# Problem 1. Consider the ring R = Z[ω] = {a+bω : a, b ∈ Z} of ```Problem 1. Consider the ring R = Z[ω] = {a+bω : a, b ∈ Z} of Eisenstein integers,
√
where ω = (−1 + −3)/2 (see Homeworks 17, 23 for various facts about R).
a) Let x = a + bω, y = c + dω be elements of R such that x 6= 0. Prove that the
complex number y/x can be written as u + wω for some rational numbers u, w.
b) Consider the map N : R −→ Z defined by N (a + bω) = a2 − ab + b2 (so N (x)
is just the square of the absolute value of the complex number x). Use N to prove
that R is an Euclidean domain (Hint: Mimic the argument from class for the ring
of Gaussian integers).
c) Let x = a + bω ∈ R. Prove that there exists c + dω ∈ R which is associated with
x and such that c ≥ 0, d ≥ 0 (Hint: Use d) of Problem 1 from homework 23).
d) Let p be an odd prime such that −3 is a quadratic non-residue modulo p . Prove
that p is irreducible in R. (Use h) of Problem 1 from homework 23). Prove the same
for p = 2.
e) Suppose that p is an odd prime such that −3 is a quadratic residue modulo p.
Prove that p is not irreducible in R. Conclude that there exist positive integers a, b
such that p = a2 − ab + b2 (use c)).
f) Use quadrartic reciprocity to prove that −3 is a quadratic residue modulo p iff
p ≡ 1 (mod 3) .
Solution: a) This follows from the following computation
c + dω
(c + dω)(a + bω)
ac + bd + adω + bcω
ac + bd − bc
y
=
=
=
= 2
+ 2
ω
2
2
2
x
a + bω
(a + bω)(a + bω
a − ab + b
a − ab + b a − ab + b2
(we used the equality ω = −1 − ω).
b) Let x = a + bω, y = c + dω be elements of R, x 6= 0. By a) there are rational
numbers u, w such that y/x = u+wω. There are integers k, m such that |u−k| ≤ 1/2
and |w − m| ≤ 1/2. Set p = u − k and q = w − m. Thus y/x = (k + lω) + (p + qω).
In other words,
y = (k + lω)x + (p + qω)x.
Clearly, k + lω ∈ R so r = (p + qω)x = y − (k + lω)x ∈ R. Thus y = (k + lω)x + r
1
and
N (r) = N ((p + qω)x) = N (p + qω)N (x) = (p2 − pq + q 2 )N (x).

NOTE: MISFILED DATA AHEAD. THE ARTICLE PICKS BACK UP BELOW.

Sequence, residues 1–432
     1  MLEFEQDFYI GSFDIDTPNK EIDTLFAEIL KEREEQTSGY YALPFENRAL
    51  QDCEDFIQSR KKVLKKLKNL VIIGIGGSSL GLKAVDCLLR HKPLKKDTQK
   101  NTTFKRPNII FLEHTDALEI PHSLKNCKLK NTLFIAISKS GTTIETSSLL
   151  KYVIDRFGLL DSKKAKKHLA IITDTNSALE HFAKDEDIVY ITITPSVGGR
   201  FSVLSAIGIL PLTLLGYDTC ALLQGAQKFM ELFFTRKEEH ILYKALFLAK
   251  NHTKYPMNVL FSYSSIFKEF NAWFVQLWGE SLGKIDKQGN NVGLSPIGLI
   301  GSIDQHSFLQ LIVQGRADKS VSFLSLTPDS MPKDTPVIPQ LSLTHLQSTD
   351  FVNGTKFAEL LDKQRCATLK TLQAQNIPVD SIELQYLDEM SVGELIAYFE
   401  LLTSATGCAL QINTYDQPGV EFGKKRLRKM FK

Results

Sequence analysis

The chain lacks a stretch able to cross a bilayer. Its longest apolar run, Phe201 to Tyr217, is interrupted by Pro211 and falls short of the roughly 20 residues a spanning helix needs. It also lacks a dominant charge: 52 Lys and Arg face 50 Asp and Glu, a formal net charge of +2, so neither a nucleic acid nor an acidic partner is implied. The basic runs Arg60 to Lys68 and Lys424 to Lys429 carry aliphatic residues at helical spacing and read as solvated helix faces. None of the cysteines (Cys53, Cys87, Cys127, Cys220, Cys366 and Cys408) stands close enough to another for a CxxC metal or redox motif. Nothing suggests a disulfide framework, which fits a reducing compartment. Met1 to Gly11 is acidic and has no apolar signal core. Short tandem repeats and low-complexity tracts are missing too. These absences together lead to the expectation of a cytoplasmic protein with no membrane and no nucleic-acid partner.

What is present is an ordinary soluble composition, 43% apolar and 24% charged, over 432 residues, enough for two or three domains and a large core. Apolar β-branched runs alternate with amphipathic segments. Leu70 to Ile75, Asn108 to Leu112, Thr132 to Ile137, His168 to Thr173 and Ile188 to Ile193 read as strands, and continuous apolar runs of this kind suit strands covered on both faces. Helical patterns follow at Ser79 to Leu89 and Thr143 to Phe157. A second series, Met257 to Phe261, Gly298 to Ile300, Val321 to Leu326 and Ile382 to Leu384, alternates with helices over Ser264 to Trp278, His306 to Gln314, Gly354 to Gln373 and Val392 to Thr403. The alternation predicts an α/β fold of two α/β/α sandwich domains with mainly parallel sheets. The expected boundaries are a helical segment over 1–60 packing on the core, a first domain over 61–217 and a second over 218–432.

Since |p| ≤ 1/2 and |q| ≤ 1/2, we have p2 − pq + q 2 ≤ |p|2 + |p||q| + |q|2 ≤ 3/4. Thus
N (r) ≤ 3N (x)/4 &lt; N (x). This shows that N is an Euclidean function on R and R
is an Euclidean domain.
c) Since 1. − 1, ω, −ω, ω 2 , −ω 2 are the only elements invertible in R, the elements
associated with a+bω are a+bω, (a+bω)&middot;(−1) = −a−bω, (a+bω)ω = −b+(a−b)ω,
(a + bω)(−ω) = b + (b − a)ω, (a + bω)ω 2 = (b − a) − aω, (a + bω)(−ω 2 ) = (a − b) + aω.
If both a, b are non-negative then take c = a, d = b. If both a, b are non-positive,
take c = −a, d = −b. If a is non-negative and b &lt; 0 take c = a − b, d = a. Finally,
if a &lt; 0 and b is nonnegative, take c = b, d = b − a.
d) Suppose that p = xy for some x, y ∈ R. Thus p2 = N (p) = N (xy) = N (x)N (y).
It follows that one of N (x), N (y) is divisible by p. Suppose that p|N (x) (the
other possibility is handled the same way). This means that if x = a + bω then
p|N (x) = a2 − ab + b2 . By Problem 1 f) from homework 23, we have p|a and p|b so
p2 |N (x). From p2 = N (x)N (y) it follows now that N (x) = p2 and N (y) = 1. Thus
y is invertible by Problem 1 c) for homework 23. This proves that p is irreducible.
Alternatively, from Problem 1 h) for homework 23 the ideal pR is prime. Thus p is
prime and hence irreducible.
e) In Problem 1 i) from homework 23 we showed that pR is not prime, i.e. p
is not a prime element. Since R is UFD by b), we see that p is not irreducible
(recall that in a UFD irreducible elements are prime). Thus p = xy for some x, y
non-invertible in R. It follows that p2 = N (p) = N (xy) = N (x)N (y). Since
neither x nor y is invertible, both N (x) and N (y) are larger than 1 so we must have
N (x) = p = N (y). By c) there is a + bω ∈ R such that a ≥ 0, b ≥ 0 and a + bω ∈ R
is associated to x. Thus p = N (x) = N (a + bω) = a2 − ab + b2 (we use here the
simple observation that if x, y are associated then x = yu for some invertible u so
N (x) = N (yu) = N (y)N (u) = N (y)).
) = 1.
f) Recall that −3 is a quadratic residue modulo p iff the Legendre symbol ( −3
p
2
3 p
( )( ) = (−1)(p−1)(3−1)/4 = (−1)(p−1)/2 .
p 3
Thus
p
3
( ) = ( )(−1)(p−1)/2 .
p
3
Recall that
(
−1
) = (−1)(p−1)/2 .
p
Consequently,
(
−3
−1 3
p
p
) = ( )( ) = (−1)(p−1)/2 ( )(−1)(p−1)/2 = ( ).
p
p p
3
3
Clearly

1
if p ≡ 1 (mod 3) ;
p
( )=
−1 if p ≡ 2 (mod 3)
3
) = 1 iff p ≡ 1 (mod 4) .
This proves that ( −3
p
Problem 2. Let R be a PID. Consider two elements a, b ∈ R. Since R is a PID,
there is d ∈ R such that aR + bR = dR. Prove that for any c ∈ R we have c|d iff
c|a and c|b. What would be appropriate to call d?
Solution: Note that aR ⊆ dR and bR ⊆ dR so d|a and d|b. Suppose that c|d.
Then clearly c|a and c|b. Conversely, if c|a and c|b then aR ⊆ cR and bR ⊆ cR. Since
cR is an ideal, we have aR + bR ⊆ cR. In other words, dR ⊆ cR and consequently
c|d.
In analogy with the integers, d should be called a greatest common divisor of a
and b.
3
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